Thank you so much, Vijay. Thank you for the kind introduction and for inviting me to your show.

It’s my pleasure. We should talk about this at some point in time in our show. You’re a former employee at Y Combinator. You’re the first business person at Human Interest. I know someone at Human Interest. It’s a great company. They allow what they’re doing in the mission. You did that. After that, you took on roles outside of the US, which is in Asia, and tried to build the go-to-market functions. You also played the role of a UN ambassador. Did I get that right?

The timeline and the titles might be a little bit off. I worked for the World Bank. I also worked for the Federal Reserve, which is the central bank of the US. That was earlier in my career. During that time, I was overseas. I worked in Africa, Latin America, and Asia on behalf of American tech companies launching in Asia. At Human Interest, I was the first employee, not just the first business employee. I started talking to them in the midst of Y Combinator. I joined right after they finished YC, and we could be off to the races. I’ve experienced the depth and breadth of big companies, small companies, government agencies, and the US, as well as many other countries. I’m delighted to share some perspectives on this show.

This is all in a very short time span as well. This is super impressive and inspiring.

Thank you. I don’t know if it’s that short. I’m not as young as I used to be, but I appreciate the compliment.

I’ll start off formally here. I always start this with this question with all my guests. How do you define go-to-market?

I define go-to-market as the core function of a revenue-generating business. It is how you get to and appeal to and deliver value in many ways to your customers. Go-to-market will oftentimes be sales and marketing. Sometimes it’s customer success as well because it also involves upselling. Much of the revenue generated by many companies, especially B2B companies, is through expansion revenue, not through new revenue generations. Go-to-market covers all these functional areas and more.

B2B 31 | New Market
New Market: Go-to-market is the core function of a revenue-generating business. It is how you deliver value to your customers in many ways.

 

I completely agree with you. I would also expand and add products. This is something that I see a lot of functional leaders at small companies or even startups and large companies. They miss the holistic piece, especially in a technology company, a product-based critical role in go-to-market. The big trend that’s going on in the industry nowadays is the whole product-led growth. If you talk about go-to-market and lead product, that’s a big wide. I completely agree. That’s something I’ve seen play out, which is strong and impressive go-to-market leaders cross-functionally across these functions. It’s marketing, sales, revenue, customer success, and so on.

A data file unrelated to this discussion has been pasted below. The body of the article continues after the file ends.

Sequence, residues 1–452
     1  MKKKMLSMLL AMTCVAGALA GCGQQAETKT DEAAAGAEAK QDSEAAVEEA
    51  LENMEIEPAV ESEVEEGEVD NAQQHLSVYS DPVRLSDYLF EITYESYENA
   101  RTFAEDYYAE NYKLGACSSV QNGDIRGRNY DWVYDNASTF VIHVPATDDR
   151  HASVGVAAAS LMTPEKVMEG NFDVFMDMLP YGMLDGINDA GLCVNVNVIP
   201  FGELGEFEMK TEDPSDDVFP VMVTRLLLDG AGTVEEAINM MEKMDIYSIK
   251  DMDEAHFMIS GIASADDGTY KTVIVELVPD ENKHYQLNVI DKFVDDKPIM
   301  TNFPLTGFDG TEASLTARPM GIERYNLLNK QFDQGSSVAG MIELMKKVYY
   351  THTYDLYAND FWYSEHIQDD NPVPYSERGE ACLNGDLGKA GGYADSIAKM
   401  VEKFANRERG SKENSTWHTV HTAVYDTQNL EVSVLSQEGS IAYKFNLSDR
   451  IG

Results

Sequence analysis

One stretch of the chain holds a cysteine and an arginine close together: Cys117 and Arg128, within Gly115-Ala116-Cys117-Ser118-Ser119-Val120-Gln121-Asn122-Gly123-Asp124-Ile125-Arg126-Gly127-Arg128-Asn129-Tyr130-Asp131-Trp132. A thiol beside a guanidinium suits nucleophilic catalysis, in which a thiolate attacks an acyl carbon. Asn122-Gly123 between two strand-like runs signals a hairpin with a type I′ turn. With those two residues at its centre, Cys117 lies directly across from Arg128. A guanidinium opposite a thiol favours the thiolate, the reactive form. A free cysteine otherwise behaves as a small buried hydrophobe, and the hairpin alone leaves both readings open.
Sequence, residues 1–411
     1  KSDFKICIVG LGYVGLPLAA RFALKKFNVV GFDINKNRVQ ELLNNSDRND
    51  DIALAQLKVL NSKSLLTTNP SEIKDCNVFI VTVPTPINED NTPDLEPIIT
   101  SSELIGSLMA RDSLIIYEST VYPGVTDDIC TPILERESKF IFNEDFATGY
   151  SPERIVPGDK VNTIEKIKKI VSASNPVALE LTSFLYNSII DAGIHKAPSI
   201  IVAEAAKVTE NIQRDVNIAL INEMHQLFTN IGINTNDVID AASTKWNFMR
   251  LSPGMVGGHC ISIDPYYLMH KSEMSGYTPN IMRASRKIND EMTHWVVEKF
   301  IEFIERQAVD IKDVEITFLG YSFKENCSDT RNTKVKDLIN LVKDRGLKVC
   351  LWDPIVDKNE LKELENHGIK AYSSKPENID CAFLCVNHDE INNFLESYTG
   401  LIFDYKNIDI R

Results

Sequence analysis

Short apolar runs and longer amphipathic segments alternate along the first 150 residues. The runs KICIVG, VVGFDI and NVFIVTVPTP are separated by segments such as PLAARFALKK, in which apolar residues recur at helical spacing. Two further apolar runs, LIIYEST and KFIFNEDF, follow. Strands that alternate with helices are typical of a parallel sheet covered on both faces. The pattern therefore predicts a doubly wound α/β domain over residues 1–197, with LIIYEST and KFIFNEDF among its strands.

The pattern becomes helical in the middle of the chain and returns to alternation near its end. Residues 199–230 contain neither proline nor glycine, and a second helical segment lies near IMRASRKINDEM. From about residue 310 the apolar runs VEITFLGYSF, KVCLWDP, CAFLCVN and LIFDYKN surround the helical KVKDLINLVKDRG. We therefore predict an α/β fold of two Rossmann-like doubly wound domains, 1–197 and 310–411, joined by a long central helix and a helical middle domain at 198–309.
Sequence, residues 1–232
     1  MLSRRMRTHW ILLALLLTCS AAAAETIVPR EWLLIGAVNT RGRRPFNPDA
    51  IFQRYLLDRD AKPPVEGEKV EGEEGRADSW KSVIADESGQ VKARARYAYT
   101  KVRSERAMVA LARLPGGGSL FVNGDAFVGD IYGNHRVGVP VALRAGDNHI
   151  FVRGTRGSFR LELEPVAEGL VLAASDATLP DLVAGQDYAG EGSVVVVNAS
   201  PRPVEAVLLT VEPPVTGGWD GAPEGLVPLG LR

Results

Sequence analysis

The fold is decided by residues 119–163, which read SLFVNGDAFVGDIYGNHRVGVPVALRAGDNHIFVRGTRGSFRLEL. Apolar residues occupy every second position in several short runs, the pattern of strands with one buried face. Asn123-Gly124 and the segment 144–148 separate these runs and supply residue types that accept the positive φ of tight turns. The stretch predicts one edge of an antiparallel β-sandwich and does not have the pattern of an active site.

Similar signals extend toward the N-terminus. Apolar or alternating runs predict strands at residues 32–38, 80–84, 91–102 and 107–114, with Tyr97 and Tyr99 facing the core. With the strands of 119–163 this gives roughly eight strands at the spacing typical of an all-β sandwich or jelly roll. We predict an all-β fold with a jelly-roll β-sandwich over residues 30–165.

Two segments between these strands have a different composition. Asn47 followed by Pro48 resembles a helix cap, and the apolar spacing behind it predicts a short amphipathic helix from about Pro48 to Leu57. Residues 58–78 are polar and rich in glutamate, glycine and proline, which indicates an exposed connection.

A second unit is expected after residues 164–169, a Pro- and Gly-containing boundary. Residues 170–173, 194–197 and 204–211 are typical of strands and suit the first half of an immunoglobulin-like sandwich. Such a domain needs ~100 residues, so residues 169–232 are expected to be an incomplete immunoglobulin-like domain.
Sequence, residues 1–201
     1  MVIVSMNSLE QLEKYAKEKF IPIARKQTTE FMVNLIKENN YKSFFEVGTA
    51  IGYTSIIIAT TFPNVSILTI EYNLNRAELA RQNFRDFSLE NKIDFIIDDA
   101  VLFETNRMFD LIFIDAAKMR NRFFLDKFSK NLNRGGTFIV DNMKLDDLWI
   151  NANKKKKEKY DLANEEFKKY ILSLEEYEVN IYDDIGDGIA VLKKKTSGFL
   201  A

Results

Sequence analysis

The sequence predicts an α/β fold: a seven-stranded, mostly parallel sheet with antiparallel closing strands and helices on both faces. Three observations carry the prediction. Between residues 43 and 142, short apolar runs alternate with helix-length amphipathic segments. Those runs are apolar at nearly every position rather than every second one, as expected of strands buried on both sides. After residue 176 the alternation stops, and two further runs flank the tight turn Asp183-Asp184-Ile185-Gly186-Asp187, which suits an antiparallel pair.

Having a great product that customers want to use, delights them, and want to share is what one assumes. In many companies or tech companies, you can divide it into two categories. It’s either the people building or the people selling. They’re selling what someone else is built, and the builders will continue to build and iterate based on what can be sold. It’s correct. I would also say even with product-led growth, it would be a misconception that the products can sell itself.

I know a lot of amazing tech founders who assume, “If I build it, they will come.” People need to learn about the product somehow. That’s where I focused on the other functional areas when I described go-to-market because I was assuming that there would be a preexisting product that’s very strong as a baseline for what’s needed to go-to-market.

With that, you mentioned the words sales and selling. Tell and share with our readers the story of what you do now and what led you to start at Alariss Global.

I’m the CEO and Founder of Alariss Global. As a CEO and Founder, you’re the company’s first line of defense for sales and the last line of defense for sales. Most tech founders go into selling or building, but for the person on the business side, especially the CEO, some of the major responsibilities I have and that other CEOs usually have would be customer acquisition/go-to-market. This can include managing marketing, sales, and account management.

As a CEO, you're the first line of defense for sales and the last line of defense for sales. Click To Tweet

The other piece is internal recruiting. That’s incredibly important, building your team, which is also another form of sales. Selling people on your vision and a career with you is highly important. Finally, it’s fundraising, which is another form of getting capital into the company so you can continue to grow. Those are some of the major responsibilities. There are other things, business operations, finance, and everything else that go into the CEO’s role, but those are the ones that are most relevant for this conversation.